57 Third St., No. 6
CARROLL GARDENS — Sometimes being square isn't such a bad thing.
At least this seemed to be the case for many house hunters on Sunday, who were suprised by the shape and spaciousness of this some 1,000 square-foot co-op in the same building called home by Stacy London of "What Not to Wear."
Housed in a former factory, this 2-bedroom, 2-bathroom didn't feature the narrow feel of a railroad-style layout typical of many of the area's homes.
"That living room was humongous," said a 36-year-old in real estate who was checking out of the 14-foot by 17-foot entertaining space. "It was almost off-putting."
His wife, a 35-year-old illustrator, agreed.
"It's a rare shape," she said. "It's rare to see a living room that square."
In addition to that portion of the home, other amenities include Caesarstone kitchen countertops — quartz with a speckled, terrazzo-like look — a wood-burning fireplace, oak floors, and an in-unit washer and dryer.
Kid-friendly flourishes also abounded, such as a chalkboard paint wall below the dining bar and stroller mounts near the entry.
The rest of the co-op was roomy, too — and could be made to seem even bigger with design tricks, some house hunters said.
Though the space was plentiful, so was the furniture — making it a bit difficult to appreciate the sleeping and living areas.
"We could make it feel more spacious. There's so much stuff in there now," said a young, newly married couple about the master suite.
Some prospective buyers had concerns about the co-op board's standards. What were they looking for?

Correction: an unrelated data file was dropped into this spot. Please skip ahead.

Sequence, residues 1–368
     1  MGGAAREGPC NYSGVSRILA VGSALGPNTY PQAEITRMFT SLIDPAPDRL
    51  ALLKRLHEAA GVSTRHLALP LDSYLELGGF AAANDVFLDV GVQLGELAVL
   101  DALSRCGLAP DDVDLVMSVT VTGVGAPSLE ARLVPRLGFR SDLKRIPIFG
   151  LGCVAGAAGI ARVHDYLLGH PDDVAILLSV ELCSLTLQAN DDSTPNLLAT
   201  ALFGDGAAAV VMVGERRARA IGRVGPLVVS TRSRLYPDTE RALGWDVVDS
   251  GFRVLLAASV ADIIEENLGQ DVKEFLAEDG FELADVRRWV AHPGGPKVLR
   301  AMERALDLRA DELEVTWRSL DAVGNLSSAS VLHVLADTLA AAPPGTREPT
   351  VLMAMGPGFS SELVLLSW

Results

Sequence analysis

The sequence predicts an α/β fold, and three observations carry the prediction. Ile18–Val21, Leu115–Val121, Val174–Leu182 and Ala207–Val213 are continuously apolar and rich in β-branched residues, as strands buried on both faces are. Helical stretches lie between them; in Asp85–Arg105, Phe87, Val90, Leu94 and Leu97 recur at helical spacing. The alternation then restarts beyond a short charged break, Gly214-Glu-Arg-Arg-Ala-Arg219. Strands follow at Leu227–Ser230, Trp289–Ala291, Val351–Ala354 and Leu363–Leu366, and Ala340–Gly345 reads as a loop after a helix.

Any big assessments slated for the building?
Some minor changes to the facade were planned, Glick said.
She also explained that the current owners would likely leave the air conditioning units and hadn't expressed interest in taking them upon moving.
"I liked it," a 29-year-old teacher, who was shopping with her husband, told DNAinfo.com New York. "It was really reasonably priced."
Her husband, a lawyer, 29, agreed, but with a caveat.
"The maintenance is high," he said.
Also, the second bedroom might be problematic for would-be parents, she said.
"It's not big enough for two kids," she said.
Though generally thought of as a deal, some had concerns about the view, as the living room windows gaze upon a neighboring building's wall.
"A person who walked in four weeks ago would have bought it if it weren't for that building," Glick admitted.
Indeed, this seemed to be a bit of a dealbreaker.
"I wouldn't be able to stand looking out my window onto another building," concluded the man in real estate, much to his illustrator wife's agreement.